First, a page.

There is no parse function for the floating-point wrapper types. All wrappers except Character have a valueOf method that parses a string but returns a wrapper object, not a primitive, so I used that for the Float example above.

The six numeric wrapper classes all inherit from the Number abstract class, which defines the methods byteValue, intValue, etc. This allows you to define classes that can process any numeric type, simply by writing to the interface of the Number class.

If you ever want to verify that an object is an instance of a particular type you can use the instanceof operator. For example, if you have a function that takes a single Number parameter, f(Number n), say, you can verify that the argument is of a type derived from Number, as follows:

void f(Number n) {
    If (n instanceof Number)
        // go ahead (n is a Byte, Short, Integer, etc.)
    else
        // error
}

The instanceof operator returns true if its left operand is an instance of its right operand or of any class that inherits from its right operand.

The Character wrapper contains a number of methods for classifying characters, similar to the functionality found in the C header <ctype.h>, such as isDigit, isISOControl, isLetter, isLetterOrDigit, isSpaceChar, isUpperCase, toUpperCase, etc. The methods IsJavaIdentifierStart and IsJavaIdentifierPart identify a character as a valid part of an identifier. Java identifiers can begin with a dollar sign, an underscore, or a valid letter from any Unicode script. The following are valid Java identifiers:

A$very_long$identifier
preço
pme

In the beginning of this article I mentioned that the wrappers incur a performance hit compared to using primitive types. To prove that point, the program in Listing 1 creates an identity vector in an array of 250,000 ints, computes its sum, and then displays the elapsed time using a Date object. Listing 2 shows a program that does the same thing using Integer objects. When I run these programs on my 400 mHz Pentium II, the primitive version takes 50 milliseconds while the object version takes 1,710 ms, which is slower by a factor 34. (I'm using JDK 1.1.7A). So use primitive types whenever you can!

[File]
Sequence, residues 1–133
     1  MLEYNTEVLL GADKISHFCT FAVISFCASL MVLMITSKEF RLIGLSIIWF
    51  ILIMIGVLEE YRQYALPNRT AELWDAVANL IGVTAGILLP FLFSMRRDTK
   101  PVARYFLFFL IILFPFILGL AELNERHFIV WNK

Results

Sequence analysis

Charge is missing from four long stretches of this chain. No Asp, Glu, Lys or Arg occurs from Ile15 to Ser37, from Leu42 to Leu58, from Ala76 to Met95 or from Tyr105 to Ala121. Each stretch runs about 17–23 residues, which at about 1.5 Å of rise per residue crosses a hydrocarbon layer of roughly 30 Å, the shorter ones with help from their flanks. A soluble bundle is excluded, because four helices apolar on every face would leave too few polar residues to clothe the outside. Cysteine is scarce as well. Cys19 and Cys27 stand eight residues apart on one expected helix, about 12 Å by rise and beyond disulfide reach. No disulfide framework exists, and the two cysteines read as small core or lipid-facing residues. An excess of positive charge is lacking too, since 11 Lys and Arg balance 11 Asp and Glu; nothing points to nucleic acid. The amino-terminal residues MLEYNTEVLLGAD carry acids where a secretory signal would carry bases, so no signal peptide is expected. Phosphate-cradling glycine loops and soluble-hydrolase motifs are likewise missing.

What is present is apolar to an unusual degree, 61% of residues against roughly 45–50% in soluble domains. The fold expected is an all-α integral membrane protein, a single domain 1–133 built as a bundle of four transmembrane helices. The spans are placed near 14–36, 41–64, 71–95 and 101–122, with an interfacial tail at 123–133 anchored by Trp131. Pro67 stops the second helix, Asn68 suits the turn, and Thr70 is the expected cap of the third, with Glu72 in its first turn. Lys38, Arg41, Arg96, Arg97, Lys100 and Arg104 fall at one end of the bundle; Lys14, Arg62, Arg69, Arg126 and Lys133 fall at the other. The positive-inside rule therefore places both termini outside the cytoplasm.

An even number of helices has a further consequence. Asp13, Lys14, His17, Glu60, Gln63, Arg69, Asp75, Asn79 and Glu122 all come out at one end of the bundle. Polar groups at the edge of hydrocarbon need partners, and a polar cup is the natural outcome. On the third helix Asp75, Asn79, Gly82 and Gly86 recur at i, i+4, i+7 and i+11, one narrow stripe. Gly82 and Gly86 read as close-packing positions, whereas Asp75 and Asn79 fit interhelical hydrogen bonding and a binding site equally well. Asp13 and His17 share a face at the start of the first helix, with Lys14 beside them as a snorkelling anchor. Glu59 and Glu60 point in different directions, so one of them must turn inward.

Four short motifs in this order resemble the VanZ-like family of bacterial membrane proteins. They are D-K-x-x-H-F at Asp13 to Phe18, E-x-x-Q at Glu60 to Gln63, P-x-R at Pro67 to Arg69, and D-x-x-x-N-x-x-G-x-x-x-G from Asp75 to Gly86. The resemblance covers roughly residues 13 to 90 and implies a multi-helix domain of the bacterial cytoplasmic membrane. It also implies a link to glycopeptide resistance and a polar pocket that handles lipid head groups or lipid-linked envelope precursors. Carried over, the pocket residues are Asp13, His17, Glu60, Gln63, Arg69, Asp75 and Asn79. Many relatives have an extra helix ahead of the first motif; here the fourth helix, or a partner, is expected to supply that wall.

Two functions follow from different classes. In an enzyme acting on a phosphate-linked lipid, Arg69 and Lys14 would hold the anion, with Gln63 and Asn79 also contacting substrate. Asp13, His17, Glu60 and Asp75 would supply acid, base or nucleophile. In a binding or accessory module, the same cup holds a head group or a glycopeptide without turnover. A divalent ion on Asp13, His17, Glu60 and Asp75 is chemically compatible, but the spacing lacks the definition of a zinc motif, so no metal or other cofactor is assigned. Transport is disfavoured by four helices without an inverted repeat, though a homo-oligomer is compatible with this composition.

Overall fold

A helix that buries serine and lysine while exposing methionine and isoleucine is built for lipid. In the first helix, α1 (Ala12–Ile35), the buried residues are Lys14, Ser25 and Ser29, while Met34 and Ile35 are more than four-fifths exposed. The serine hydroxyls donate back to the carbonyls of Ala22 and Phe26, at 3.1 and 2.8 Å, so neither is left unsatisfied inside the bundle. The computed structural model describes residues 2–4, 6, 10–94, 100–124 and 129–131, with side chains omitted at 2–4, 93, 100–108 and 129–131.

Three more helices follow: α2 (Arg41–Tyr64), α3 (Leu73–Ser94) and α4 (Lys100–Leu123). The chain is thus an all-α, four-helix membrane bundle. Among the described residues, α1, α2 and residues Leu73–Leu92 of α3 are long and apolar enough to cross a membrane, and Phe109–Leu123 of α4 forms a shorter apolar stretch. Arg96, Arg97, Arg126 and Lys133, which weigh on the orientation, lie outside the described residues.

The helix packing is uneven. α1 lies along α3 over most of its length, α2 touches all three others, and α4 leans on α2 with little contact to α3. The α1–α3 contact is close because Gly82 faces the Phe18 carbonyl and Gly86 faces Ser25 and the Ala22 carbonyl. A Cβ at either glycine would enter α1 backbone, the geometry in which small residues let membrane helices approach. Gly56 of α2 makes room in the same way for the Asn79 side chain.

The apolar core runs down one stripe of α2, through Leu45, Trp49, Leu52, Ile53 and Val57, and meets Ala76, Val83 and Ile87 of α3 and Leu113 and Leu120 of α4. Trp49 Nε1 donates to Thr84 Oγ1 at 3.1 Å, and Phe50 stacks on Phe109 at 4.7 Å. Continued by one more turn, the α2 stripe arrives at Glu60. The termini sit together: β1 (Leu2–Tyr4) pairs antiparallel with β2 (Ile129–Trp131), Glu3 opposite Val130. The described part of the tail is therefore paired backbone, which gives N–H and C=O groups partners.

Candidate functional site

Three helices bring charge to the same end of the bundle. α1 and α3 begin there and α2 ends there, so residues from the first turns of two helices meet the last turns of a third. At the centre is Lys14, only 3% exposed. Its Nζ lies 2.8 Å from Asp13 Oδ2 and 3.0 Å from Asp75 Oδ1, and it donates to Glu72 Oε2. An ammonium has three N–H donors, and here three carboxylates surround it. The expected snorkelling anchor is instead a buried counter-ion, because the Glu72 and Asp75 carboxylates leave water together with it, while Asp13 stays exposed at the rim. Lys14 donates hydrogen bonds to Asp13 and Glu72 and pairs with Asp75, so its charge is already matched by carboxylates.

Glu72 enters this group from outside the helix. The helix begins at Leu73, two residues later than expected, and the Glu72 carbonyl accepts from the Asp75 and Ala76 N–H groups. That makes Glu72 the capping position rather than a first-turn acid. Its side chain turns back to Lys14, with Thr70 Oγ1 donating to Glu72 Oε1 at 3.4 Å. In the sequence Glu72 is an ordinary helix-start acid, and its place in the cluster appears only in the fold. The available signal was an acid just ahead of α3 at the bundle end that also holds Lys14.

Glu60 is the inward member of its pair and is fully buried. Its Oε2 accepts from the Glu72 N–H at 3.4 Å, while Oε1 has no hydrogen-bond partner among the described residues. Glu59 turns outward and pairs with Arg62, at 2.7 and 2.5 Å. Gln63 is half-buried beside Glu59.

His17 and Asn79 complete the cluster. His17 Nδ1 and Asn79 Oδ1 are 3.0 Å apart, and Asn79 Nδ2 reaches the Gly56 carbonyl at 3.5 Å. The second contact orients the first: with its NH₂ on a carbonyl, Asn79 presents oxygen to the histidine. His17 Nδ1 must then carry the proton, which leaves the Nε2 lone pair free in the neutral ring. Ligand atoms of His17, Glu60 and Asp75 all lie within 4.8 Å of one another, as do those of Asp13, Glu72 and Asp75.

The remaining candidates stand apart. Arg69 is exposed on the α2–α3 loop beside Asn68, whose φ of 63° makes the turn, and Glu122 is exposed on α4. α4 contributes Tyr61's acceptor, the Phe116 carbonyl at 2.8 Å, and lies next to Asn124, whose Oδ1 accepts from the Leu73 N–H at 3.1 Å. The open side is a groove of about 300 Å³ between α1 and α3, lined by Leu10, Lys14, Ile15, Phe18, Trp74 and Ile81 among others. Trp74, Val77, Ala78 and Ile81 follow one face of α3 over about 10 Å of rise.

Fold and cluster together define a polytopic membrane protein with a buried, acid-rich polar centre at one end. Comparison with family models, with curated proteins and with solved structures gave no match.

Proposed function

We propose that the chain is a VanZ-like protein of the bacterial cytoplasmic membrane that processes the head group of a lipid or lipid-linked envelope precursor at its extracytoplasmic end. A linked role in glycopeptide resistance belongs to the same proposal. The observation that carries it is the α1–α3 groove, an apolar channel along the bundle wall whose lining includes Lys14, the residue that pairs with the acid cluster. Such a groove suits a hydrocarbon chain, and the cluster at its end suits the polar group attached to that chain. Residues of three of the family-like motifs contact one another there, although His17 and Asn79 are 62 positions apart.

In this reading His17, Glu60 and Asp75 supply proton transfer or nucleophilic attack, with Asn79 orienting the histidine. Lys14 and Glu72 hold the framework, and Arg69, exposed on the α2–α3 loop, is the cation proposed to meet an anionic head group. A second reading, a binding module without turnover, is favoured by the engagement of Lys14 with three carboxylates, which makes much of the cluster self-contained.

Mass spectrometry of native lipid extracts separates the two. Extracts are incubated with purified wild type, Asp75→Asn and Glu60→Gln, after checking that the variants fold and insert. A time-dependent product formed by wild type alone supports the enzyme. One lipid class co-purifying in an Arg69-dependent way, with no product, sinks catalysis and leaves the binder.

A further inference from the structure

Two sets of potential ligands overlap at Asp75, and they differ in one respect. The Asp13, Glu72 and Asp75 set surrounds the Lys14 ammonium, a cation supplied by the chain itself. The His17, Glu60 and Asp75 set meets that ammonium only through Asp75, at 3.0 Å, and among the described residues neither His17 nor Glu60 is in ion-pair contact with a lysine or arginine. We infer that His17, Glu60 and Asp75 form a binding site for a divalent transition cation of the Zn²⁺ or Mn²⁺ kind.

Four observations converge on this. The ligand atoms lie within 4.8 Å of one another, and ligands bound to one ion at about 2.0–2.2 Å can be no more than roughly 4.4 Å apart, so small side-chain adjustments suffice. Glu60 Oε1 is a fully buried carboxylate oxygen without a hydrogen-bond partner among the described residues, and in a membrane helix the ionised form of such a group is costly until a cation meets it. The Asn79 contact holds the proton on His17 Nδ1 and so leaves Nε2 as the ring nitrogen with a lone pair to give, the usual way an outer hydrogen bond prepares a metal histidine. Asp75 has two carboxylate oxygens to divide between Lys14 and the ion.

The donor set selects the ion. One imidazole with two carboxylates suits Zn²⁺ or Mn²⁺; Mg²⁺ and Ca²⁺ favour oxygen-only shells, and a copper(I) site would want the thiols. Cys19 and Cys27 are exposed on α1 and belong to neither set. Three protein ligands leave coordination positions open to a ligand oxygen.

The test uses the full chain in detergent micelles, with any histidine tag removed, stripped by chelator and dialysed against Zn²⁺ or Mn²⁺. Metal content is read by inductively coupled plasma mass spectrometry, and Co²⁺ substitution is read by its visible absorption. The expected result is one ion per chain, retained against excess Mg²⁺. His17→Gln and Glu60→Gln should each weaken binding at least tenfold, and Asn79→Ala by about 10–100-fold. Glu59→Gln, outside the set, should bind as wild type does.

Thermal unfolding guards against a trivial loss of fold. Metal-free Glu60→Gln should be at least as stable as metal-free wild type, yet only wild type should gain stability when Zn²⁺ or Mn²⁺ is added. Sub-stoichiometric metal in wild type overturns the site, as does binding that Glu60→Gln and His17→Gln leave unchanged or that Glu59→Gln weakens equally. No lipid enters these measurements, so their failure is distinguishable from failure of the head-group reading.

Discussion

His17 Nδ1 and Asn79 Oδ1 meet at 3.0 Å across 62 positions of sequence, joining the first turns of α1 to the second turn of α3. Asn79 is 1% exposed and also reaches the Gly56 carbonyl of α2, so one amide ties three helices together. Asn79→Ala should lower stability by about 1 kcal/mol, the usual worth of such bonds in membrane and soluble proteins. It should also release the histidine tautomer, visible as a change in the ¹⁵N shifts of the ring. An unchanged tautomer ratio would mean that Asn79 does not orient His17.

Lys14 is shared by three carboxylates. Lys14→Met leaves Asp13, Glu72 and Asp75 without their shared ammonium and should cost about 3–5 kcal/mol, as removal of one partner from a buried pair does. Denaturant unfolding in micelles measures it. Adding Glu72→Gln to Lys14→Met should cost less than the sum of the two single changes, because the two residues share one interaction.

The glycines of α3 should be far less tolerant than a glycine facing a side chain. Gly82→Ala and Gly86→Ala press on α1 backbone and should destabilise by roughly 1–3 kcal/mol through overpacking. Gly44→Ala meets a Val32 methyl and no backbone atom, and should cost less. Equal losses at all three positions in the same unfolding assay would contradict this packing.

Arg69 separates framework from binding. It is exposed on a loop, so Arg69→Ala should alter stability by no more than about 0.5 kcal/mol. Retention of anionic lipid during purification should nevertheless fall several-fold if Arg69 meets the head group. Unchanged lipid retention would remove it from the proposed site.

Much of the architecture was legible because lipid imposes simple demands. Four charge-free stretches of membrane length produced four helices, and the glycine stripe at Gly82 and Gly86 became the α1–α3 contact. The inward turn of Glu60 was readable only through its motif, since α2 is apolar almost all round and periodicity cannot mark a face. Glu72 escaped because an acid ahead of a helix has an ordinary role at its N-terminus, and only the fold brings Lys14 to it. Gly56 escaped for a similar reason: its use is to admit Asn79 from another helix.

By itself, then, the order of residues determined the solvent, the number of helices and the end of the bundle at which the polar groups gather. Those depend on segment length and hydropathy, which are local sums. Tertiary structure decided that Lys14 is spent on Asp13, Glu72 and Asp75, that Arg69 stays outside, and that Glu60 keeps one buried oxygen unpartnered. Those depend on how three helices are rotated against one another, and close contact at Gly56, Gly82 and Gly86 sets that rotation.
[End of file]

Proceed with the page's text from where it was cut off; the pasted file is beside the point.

Arbitrary Precision Arithmetic

Java provides two classes for arbitrary-precision arithmetic: BigInteger and BigDecimal, both of which inherit from Number. There are methods in each for the usual numeric and logical operations. Listing 3 shows an example of BigInteger.

The number of bits is derived from a two's-complement representation of the number. BigInteger also has methods for shifting and primality testing.

Wrap-up

Java's primitive types resemble C's built-in types very closely in name, and somewhat closely in functionality. For me, the key feature is that primitives are portable across all platforms that implement a Java Virtual Machine. I also like not worrying about signed vs. unsigned issues that sometimes bite you in C. Java's operators are almost 100% identical to those of C, except there is no need for pointer operations, and Java has the >>> and instanceof operators. Wrappers provide the features that <limits.h> does in C, and then some. In typical Java style, the functionality you need is where you expect it to be: in appropriately-named classes. You may sometimes end up doing a little more typing than you do in C, what with class name prefixes and all, but you probably will do less hunting for the right identifiers.

Chuck Allison is Consulting Editor and a columnist with CUJ. He is the owner of Fresh Sources, a company specializing in object-oriented software development, training, and mentoring. He has been a contributing member of J16, the C++ Standards Committee, since 1991, and is the author of C and C++ Code Capsules: A Guide for Practitioners, Prentice-Hall, 1998. You can email Chuck at cda@freshsources.com.